Yes.

Sometimes I do.

Good friends…

Stephanie Verni is Professor of Business Communication at Stevenson University and is the author of the newly releasedInn SignificantBaseball Girl, and Beneath the Mimosa Tree.  Along with her colleagues Leeanne Bell McManus and Chip Rouse, she is a co-author of Event Planning: Communicating Theory and Practice, published by Kendall-Hunt.  To visit Stephanie’s Amazon Author page and see her books, click here.

Readers Share Baseball Girl on Social Media

I said this earlier in the week, and I mean every bit of it: I am touched by my friends and supporters.

Thank you so much for helping a little independent author like me get the word out there. It’s word of mouth, sharing on social media, pinning, and talking it up that are seriously the best promotional tools for any indie author. Please know how much I value your support, encouragement, and kind words.

As a quick tribute to those who have helped promote the news of Baseball Girl, I thought I would share some of the photos they have been sharing on social media.

I’m truly tickled by your efforts.

If you ever take the novel on vacation with you, and you want to snap a photo in some cool, exotic location, or if you’re just reading it somewhere cozy, feel free to Tweet, Facebook, or Instagram it to me. I’d love to share your photo.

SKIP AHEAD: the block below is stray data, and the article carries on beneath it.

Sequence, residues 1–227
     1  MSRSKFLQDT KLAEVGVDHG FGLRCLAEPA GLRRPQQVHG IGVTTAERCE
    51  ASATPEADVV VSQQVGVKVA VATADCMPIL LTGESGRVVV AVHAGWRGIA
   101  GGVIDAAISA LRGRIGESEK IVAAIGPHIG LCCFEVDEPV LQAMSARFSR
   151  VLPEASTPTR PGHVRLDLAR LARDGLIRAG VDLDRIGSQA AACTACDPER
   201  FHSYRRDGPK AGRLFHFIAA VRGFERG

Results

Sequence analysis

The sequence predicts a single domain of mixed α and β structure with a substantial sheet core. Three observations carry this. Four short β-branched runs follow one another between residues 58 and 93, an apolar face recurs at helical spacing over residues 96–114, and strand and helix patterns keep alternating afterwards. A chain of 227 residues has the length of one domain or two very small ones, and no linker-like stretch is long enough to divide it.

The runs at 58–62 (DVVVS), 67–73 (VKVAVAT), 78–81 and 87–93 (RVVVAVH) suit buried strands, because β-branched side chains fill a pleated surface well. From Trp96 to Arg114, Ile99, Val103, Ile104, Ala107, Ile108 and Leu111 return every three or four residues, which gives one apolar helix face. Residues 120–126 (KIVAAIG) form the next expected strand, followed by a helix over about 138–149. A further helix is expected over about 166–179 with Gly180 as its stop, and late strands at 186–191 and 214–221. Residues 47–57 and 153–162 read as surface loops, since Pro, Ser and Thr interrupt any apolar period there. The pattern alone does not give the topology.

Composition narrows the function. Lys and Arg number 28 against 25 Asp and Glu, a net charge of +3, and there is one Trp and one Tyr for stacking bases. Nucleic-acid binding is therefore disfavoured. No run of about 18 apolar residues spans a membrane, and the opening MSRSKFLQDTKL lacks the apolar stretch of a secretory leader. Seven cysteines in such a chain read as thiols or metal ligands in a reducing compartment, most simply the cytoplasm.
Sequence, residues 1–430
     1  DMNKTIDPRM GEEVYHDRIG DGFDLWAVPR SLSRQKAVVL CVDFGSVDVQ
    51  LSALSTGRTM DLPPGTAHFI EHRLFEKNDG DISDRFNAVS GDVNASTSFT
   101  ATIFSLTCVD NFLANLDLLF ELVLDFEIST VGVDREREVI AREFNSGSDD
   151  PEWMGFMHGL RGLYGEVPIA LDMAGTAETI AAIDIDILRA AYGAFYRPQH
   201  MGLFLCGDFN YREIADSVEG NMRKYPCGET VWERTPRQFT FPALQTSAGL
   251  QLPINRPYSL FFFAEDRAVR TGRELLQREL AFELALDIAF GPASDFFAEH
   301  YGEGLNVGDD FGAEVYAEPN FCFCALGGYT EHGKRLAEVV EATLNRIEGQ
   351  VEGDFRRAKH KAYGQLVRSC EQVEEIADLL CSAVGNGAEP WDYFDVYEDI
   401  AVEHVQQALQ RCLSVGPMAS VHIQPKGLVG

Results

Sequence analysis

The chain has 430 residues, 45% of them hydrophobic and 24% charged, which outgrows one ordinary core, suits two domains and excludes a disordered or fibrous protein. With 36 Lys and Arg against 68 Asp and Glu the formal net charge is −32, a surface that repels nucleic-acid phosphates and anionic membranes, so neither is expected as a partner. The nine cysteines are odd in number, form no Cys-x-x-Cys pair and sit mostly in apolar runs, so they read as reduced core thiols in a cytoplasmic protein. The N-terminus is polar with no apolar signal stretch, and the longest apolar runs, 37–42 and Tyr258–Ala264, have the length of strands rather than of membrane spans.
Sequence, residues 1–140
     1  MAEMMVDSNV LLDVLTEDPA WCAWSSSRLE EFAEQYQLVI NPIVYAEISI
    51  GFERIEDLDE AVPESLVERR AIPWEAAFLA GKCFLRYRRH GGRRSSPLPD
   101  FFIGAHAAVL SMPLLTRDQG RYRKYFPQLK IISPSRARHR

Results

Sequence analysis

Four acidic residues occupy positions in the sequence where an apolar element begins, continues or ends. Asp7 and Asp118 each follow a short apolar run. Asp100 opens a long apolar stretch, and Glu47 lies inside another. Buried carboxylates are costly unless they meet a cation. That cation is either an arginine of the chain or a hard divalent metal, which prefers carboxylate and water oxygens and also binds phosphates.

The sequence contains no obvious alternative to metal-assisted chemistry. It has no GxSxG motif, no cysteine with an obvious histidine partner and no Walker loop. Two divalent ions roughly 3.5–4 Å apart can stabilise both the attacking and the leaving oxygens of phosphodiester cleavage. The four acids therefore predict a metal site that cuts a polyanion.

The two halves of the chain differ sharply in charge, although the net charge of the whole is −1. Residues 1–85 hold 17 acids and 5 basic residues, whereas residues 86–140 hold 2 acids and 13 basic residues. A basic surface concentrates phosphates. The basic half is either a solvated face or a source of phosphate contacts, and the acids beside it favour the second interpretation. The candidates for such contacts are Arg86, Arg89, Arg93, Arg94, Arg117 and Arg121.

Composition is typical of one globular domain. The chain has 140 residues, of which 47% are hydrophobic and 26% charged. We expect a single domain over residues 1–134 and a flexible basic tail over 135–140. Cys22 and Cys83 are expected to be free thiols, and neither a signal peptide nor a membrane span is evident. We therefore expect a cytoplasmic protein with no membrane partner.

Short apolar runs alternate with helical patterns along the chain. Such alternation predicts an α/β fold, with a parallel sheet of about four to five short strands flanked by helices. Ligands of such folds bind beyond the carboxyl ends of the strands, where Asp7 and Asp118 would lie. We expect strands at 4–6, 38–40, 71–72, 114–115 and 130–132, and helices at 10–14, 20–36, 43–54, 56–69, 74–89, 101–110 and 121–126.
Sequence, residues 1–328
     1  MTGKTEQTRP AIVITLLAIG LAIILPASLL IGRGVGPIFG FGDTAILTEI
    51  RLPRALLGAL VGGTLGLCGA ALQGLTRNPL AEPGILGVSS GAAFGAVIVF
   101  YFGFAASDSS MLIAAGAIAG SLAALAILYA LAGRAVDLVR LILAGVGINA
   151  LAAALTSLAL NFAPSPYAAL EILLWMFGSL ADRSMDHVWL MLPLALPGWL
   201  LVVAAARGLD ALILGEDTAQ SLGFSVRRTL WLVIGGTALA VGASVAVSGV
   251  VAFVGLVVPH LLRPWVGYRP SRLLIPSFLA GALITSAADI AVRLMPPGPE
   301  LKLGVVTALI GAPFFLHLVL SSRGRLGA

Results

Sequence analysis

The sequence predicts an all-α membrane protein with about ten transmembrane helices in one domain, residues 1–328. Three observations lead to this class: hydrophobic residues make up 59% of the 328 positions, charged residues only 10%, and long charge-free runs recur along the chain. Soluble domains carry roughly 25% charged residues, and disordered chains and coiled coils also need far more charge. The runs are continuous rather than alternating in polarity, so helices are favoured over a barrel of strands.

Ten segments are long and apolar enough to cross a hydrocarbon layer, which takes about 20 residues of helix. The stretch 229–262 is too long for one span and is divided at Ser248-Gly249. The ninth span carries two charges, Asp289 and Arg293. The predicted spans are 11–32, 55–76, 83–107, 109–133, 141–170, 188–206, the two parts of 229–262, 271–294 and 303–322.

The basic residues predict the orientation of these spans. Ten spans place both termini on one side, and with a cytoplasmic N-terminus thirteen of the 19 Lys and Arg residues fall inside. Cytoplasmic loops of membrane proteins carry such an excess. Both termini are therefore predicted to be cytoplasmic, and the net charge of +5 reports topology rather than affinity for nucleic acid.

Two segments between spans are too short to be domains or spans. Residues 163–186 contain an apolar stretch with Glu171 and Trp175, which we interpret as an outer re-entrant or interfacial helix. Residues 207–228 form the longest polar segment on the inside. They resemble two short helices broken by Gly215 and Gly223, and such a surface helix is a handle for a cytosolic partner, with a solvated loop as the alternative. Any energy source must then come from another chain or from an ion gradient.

Have a lovely weekend, everyone, and thanks for reading.

signature

From Mary
From Mary
From Amy
From Amy
From Mariana
From Mariana
From Chrissie
From Chrissie
Chrysti
From Chrysti

“Baseball Girl” Is Now Available

BaseballGirlFinalCover

* * *

After almost three years in the making, my new novel entitled Baseball Girl, is now available for purchase on Amazon and Barnes & Noble.

The follow-up novel to Beneath the Mimosa Tree is another contemporary romance that uses baseball as a backdrop. The story revolves around Francesca Milli, whose father passes away when she’s a freshman in college and nineteen years old; she is devastated and copes with his death by securing a job working for the Bay City Blackbirds, a big-league team, as she attempts to carry on their traditions and mutual love for the game of baseball. The residual effect of loving and losing her dad has made her cautious, until two men enter her life: a ballplayer and a sports writer. With the support of her mother and two friends, she begins to work through her grief. A dedicated employee, she successfully navigates her career, and becomes a director in the team’s organization. However, Francesca realizes that she can’t partition herself off from the world, and in time, understands that sometimes love does involve taking a risk.

I’ve immersed myself in the world of these characters for many, many months now, drawing on my own experiences working in baseball to set the scene for this story.